Issues That Are Not Affected by the Automatic Stay

The following types of actions are not covered by the automatic stay in a bankruptcy case:

  • Criminal cases - If a person is facing criminal charges, filing for bankruptcy will not affect these proceedings, and it will not stop the collection of fines, fees, or restitution that a person is ordered to pay to a victim.

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Kerrville Bankruptcy AttorneyHomeowners who have experienced financial difficulties may struggle to make payments on multiple debts, including their mortgage. Those who have missed payments may be facing the threat of foreclosure, as well as harassment from other creditors seeking to recover payment for the debts that are owed. In this type of situation, a homeowner may be considering bankruptcy, but they should also be aware of other alternatives that may be available, including completing a short sale of their home. 

Benefits and Drawbacks of a Short Sale

The real estate market often experiences fluctuations and a home may lose value for a variety of reasons. When a home is “underwater,” meaning that more is owed on the mortgage than the home is worth, the homeowner may be able to complete a short sale. In this type of sale, the home will be sold for its current market value, and the borrower may be released from the requirement to pay the additional amount owed on the mortgage.

A homeowner will usually need to receive approval from their mortgage lender to proceed with a short sale. The lender may require the borrower to demonstrate that they have experienced financial hardship that has caused them to be unable to pay what is owed. While a short sale will result in the lender receiving less than the full amount of the loan, it may be a preferable option to pursue a foreclosure, since it will avoid legal fees and the requirement to complete proceedings in court.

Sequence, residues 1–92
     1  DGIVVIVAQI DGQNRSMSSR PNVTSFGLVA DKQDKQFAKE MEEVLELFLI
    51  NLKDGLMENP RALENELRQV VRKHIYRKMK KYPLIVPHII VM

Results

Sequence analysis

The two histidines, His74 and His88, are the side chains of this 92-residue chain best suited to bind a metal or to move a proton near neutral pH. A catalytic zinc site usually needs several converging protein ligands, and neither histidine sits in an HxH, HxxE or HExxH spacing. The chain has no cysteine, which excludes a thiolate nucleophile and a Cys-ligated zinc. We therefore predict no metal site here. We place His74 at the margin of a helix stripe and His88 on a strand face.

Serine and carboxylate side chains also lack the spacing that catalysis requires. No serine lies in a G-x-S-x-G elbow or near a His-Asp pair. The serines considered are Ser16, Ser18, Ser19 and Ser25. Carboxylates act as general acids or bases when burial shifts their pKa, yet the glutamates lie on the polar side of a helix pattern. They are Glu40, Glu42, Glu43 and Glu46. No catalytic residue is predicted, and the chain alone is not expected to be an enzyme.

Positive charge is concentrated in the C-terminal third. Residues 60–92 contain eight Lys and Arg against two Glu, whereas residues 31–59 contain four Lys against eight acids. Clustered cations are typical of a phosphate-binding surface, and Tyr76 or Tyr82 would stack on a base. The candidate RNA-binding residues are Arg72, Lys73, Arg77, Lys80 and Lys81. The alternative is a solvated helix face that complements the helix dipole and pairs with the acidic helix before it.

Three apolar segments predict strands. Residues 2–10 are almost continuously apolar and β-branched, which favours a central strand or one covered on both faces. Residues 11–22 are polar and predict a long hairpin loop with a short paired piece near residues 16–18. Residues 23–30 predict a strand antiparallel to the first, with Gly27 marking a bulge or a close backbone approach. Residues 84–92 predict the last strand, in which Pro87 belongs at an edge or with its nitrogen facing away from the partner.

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Boerne Bankruptcy AttorneyThere are many reasons why homeowners may struggle to make ongoing mortgage payments while also covering other necessary expenses. This has been a major concern during the COVID-19 pandemic, which has led many people to lose their jobs or suffer other financial setbacks. While bankruptcy may be an option for some who are unable to repay their debts, homeowners should also be aware of the various alternatives to bankruptcy that may be available. These include requesting loan modifications that will allow them to maintain ownership of their homes while ensuring that they will be able to make affordable payments.

Types of Loan Modifications That May Be Available

Debtors who have experienced financial hardship, such as the loss of a job or health issues that have led to increased medical expenses, may be able to qualify for a loan modification. The eligibility for a modification and the types of modifications that may be available will vary depending on the lender. Typically, a debtor can apply for a loan modification if they have missed one or more payments. Potential loan modifications may include:

  • Forbearance - A homeowner may request a “pause” on their payments during a period of financial hardship. If forbearance is granted, these payments will need to be made up, either by adding them to the end of the loan or by temporarily increasing the number of monthly payments after the forbearance period ends.